Even so, the Orders apparently have a meaning in the bizarre minds of the senators. And in those bizarre minds, introducing a bill during "presentation of motions" is drastic and unusual. That's as far as I can take it. Still don't know why this particular bill has to be placed into the dreaded Ninth Order.
Wednesday, April 24, 2013
  Bunch of pixies!

I hadn't paid much attention to Salinger. Among that generation of writers, I read Updike, Steinbeck and Percy intensely and thoroughly, but didn't find others highly interesting.

Now I've gained a lot more respect for Salinger. UK Guardian covers a new trove of letters Salinger wrote when he was starting his career. He had just been accepted by the New Yorker.....

"God and Harold Ross alone know what that bunch of pixies on the staff are doing with my poor script."

Bunch of pixies! Perfect.

The odd thing is that everyone except Ross knew the New Yorker writers were a bunch of pixies. Ross had an antique countrified view of amorphodites as a sort of rare semi-mythical creature. He was convinced he had never encountered one, even while he employed a dozen of them.
  Truly amazing

On the investigation of the supposed 'ricin letters', the FBI started out in default form.

= = = = =

Post-1989 FBI operating system:

All crimes are committed by Klansmen.

If a crime happens, find the nearest Klansman in pointy robe.

If you can't find a Klansman in pointy robe, find the nearest beefy pasty white Southerner.

If you can't find him, find the nearest white Christian.

= = = = =

On this event, their first suspect was bog-standard: an Elvis impersonator. Simply perfect stereotypical Southerner, As Seen On TV.

But after arresting him, they did something absolutely UNPRECEDENTED. They RELEASED HIM and stated explicitly that he is NOT THE SUSPECT.

This violates every rule in the Persecuting Attorney's Handbook, not just the FBI Handbook! No persecuting attorney ever fully releases a suspect. Never never never never never NEVER admit error! Even if all the evidence immediately points to someone else, even if the first suspect died a century before the crime was committed, the first suspect remains THE REAL CULPRIT until the end of the universe. The evidence is wrong, the jury is wrong, and the judge is wrong.

I'm glad I lived to see this day. It may be a one-off, but it's still a total departure from tyrannical norms in this miserable shit-eating excuse for a former country.
Tuesday, April 23, 2013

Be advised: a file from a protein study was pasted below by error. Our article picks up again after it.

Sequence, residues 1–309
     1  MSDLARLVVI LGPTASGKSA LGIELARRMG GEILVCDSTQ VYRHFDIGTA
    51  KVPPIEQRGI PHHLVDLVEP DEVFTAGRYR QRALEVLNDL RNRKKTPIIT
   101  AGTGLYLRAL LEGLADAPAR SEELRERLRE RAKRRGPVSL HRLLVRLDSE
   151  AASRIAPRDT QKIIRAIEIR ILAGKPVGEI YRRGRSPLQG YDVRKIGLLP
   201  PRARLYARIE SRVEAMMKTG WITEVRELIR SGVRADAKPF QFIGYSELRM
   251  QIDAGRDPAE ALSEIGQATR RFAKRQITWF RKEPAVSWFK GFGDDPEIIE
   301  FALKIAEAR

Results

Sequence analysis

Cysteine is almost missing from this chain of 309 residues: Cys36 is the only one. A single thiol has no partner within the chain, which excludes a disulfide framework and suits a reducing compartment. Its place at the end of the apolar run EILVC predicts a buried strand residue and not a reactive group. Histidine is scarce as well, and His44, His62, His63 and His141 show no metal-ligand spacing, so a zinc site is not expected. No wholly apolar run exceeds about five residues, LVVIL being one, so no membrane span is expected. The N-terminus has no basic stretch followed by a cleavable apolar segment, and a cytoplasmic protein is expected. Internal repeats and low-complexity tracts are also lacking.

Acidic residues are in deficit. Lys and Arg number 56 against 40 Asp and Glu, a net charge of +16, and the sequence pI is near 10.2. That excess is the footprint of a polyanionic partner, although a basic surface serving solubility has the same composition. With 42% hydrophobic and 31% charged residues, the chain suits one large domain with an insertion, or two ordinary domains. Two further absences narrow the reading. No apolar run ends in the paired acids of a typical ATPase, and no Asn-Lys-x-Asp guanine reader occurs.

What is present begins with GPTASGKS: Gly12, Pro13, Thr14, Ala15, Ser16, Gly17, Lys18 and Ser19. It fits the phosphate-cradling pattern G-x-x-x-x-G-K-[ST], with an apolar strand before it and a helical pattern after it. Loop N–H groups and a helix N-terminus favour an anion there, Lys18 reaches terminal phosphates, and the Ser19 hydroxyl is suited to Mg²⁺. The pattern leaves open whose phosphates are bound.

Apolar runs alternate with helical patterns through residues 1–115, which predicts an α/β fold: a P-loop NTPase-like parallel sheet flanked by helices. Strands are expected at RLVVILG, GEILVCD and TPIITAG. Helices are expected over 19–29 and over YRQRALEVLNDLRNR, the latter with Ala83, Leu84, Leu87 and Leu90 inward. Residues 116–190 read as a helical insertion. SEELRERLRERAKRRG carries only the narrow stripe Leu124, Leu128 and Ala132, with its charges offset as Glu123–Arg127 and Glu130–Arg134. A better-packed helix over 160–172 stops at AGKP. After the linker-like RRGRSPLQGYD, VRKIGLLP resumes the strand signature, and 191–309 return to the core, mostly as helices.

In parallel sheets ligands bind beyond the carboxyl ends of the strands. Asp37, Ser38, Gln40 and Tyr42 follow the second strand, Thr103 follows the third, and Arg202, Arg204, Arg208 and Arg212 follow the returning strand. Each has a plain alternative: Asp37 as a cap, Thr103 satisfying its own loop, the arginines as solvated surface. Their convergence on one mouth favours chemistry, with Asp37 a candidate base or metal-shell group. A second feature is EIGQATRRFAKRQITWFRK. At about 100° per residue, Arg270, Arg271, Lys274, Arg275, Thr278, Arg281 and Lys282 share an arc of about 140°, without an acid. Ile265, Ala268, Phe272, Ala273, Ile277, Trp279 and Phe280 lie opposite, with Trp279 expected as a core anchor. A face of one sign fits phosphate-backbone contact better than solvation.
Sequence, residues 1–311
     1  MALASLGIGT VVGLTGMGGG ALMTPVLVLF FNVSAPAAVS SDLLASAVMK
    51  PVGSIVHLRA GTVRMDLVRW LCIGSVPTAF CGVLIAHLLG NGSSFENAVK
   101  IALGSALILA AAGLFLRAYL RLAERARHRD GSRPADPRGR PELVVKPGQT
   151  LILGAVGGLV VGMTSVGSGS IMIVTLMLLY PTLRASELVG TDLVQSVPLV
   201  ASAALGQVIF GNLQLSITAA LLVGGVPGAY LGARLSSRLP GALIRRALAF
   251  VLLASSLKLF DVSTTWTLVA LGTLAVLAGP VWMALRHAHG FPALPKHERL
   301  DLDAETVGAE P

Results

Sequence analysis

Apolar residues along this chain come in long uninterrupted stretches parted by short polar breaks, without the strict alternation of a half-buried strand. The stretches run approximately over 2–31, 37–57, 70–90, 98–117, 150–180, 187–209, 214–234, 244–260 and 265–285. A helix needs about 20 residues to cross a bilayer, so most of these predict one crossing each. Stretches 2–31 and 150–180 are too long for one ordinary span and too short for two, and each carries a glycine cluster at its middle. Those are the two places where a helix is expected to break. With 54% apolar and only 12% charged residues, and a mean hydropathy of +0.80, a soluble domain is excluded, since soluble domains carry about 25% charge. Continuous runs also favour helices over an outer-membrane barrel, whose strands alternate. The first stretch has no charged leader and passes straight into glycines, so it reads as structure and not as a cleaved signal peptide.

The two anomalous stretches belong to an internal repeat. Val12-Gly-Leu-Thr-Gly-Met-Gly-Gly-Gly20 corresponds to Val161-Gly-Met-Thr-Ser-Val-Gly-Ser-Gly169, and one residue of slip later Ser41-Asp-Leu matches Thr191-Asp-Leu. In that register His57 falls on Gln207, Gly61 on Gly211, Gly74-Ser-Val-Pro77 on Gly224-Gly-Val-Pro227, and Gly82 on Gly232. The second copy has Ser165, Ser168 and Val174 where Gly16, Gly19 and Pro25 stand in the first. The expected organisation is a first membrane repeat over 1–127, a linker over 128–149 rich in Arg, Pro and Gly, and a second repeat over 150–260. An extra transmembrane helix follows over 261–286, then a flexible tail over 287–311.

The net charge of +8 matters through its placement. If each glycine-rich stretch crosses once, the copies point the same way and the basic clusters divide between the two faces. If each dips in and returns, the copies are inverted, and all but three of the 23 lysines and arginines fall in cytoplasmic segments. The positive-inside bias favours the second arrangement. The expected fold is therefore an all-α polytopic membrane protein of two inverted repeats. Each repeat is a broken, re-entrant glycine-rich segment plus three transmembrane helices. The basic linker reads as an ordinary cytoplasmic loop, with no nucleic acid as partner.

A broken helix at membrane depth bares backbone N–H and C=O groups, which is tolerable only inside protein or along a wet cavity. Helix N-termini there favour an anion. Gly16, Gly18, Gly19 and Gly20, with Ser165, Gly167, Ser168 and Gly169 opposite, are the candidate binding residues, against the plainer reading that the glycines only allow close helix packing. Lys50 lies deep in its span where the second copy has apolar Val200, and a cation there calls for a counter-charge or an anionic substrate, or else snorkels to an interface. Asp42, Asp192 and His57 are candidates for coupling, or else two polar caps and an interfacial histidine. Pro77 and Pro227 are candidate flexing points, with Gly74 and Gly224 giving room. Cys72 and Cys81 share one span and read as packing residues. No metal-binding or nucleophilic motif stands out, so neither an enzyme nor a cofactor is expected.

Die-Versity kills everything

The Wash state legislature is wasting time and money revising all the state's laws into "gender-free language." It isn't enough that Die-Versity kills people; it must kill logic and language as well.

A few snips from SB 5077:

I suppose I should be thankful that the nastiest aspects of gendperson neutrality have passed. In the early '90s when feminism was at its full menstrual flood tide, oops I mean personsstrual flood tide, oops I mean perdaughtersstrual flood tide, oops I mean perdaughtpersonsstrual flood tide, oops I mean ppdaughtppdaughtstrual flood tide, absolutely nothing was safe. Any set of lettpersons that could possibly represent anything remotely associated with m*les or m*leness had to be dispersontled.

These modern changes are less clumsy, with one exception: OMBUDS. What's the plural? Ombudses? I can't find an example in the document, though the absurd genitive form ombuds's does appear several times.

However, ombudsman doesn't have a proper plural anyway. Ombudsmen doesn't feel correct, and we didn't borrow the Swedish plural ombudsmannen.**

Replacing achievement gap by educational opportunity gap is a vastly more toxic species of Die-Versity. The Newthink-logic is clear: We will not acknowledge that blacks and whites get different scores on tests. Those differences are just accidental random artifacts. Only the opportunity differs, and we must waste an infinite amount of money re-adjusting the opportunities to bring achievement to absolute equality, even though we know it won't happen and we won't recognize its existence in the first place.

= = = = =

**Footnote: I just realized that we often borrow foreign plurals from Latin and Greek, but we never borrow plurals from any other source. Grammar freaks inconsistently insist on using the nominative plural for some Latin and Greek words, regardless of the actual case in English. For instance, they want us to say "from these data" instead of "from this data", because data is a plural form in Latin. [If you're truly serious about Latin, you should use the ablative plural "from these datibus."] But the grammaroids never borrow any inflections from other languages, even our close cousins like Swedish.